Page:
Petra'a definitive study of the Jewish Community in Britain in 1850has
been applauded worldwide. She received special recognition >from theIAJGS
for it several years ago.


Self-perceptions and definitions of Jews in western Ukraine #ukraine

neville lamdan
 

Dear Siggers,

A little while back, I inquired how Jews in Western Ukraine thought of
themselves culturally and geographically in the 19th century, when the area
was part of the Russian Empire. More specifically, I wondered whether Jews
in the Volhyn and Podolsk Gubernyas thought of themselves as 'Galitzianers',
since they lived just east of the political boundary of the province of
Galicia in the Austro-Hungarian Empire.

Herewith a summary of the 25 or so responses that were generously offered.
Most of them, it should be noted, were impressionistic and based on
individual family lore, and thus no clear-cut or scientific picture emerged.
Nonetheless:

In the first instance, it would appear that the question, as I posed it, was
not really an issue for Jews living in the two Gubernyas concerned. In the
19th century, they would probably have perceived themselves simply as Jews,
members of an unhappy minority living in highly pluralistic and diversified
society.

If pressed as to what kind of Jews they were, they may have defined
themselves as 'Chasidim' (and followers of this or that Rebbe), or
'Misnagdim' [opponents of Chasidism], as the case may be.

Alternatively, they may have identified themselves by their shtetl - as a
'Mezritcher', 'Mikolayever', 'Ostropoler' or the like. In a wider context,
they may have referenced their Gubernya, making them 'Volyners' or
'Podolyers?'

Only when they emigrated and lived abroad, essentially >from the turn of the
20th century onwards, did broad cultural and geographic labels, such as
'Galitzianers', 'Litvaks' and 'Polaks', become more relevant.

As for Jews >from the two Gubernyas in question, they fairly clearly did not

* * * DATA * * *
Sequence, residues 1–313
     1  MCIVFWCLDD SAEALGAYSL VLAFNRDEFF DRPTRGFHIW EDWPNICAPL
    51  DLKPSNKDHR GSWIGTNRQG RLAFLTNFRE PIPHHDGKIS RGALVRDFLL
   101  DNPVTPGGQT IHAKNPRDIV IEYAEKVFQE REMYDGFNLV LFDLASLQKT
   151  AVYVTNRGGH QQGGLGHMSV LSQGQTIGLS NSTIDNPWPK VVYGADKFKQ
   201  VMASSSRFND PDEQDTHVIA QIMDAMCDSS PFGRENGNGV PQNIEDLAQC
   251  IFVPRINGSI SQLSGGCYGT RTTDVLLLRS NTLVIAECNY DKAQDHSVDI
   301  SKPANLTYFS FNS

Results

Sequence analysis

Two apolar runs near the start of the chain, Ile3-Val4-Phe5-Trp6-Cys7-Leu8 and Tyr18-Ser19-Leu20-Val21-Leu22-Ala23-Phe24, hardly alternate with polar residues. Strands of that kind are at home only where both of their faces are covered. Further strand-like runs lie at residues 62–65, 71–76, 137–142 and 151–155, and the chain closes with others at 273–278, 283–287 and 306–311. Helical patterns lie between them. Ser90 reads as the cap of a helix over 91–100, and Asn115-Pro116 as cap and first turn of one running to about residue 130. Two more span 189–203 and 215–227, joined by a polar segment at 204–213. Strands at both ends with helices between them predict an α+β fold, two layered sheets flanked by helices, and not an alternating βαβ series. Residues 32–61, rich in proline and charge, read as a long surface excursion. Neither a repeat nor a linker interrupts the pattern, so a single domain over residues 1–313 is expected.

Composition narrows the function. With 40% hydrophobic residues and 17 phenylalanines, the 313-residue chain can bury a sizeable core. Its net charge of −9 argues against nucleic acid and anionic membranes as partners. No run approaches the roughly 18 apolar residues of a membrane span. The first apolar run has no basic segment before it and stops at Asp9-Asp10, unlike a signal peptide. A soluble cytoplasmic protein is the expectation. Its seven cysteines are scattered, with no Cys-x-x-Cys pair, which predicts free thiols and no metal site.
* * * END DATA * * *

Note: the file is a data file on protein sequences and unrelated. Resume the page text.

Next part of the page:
classify themselves as 'Galitzianers', culturally or otherwise. If anything,
they probably remained 'local patriots', and by and large called themselves
'Volyners' and 'Podolyers', if the point was pressed.

However, there were some, it seems, who considered themselves 'Litvaks'.
This was historically legitimate, given that they hailed >from a region that
once belonged to the Grand Duchy of Lithuania (subsequently the
Polish-Lithuanian Commonwealth). And apparently, like true Litvaks, they
looked down on Galitzianers and tended to poke fun at them.

In certain, generally official, contexts once out of the Old Country, for
example, in Ships' Manifests, in Naturalization Forms or Census Returns,
they regularly stated that they were 'Russian' or Russian subjects. This was
absolutely correct >from the political and juridical perspectives. However,
it did not for a moment imply that they thought of themselves as genuine
Russians (and still less, Ukrainians) as, shall we say, most American-born
Jews today think of themselves as 'Americans' through and through.

Apparently, some Jews in the Volhyn and Podolsk Gubernyas did call
themselves 'Galitzianers', and were proud of it. As far as can be judged,
however, they may well have been Jews who originated in Galicia proper and
had migrated across the political boundary for one reason or another
(marriage, search for a livelihood, etc.).

And all that said, there was no 'ron Curtain', as one respondent put it,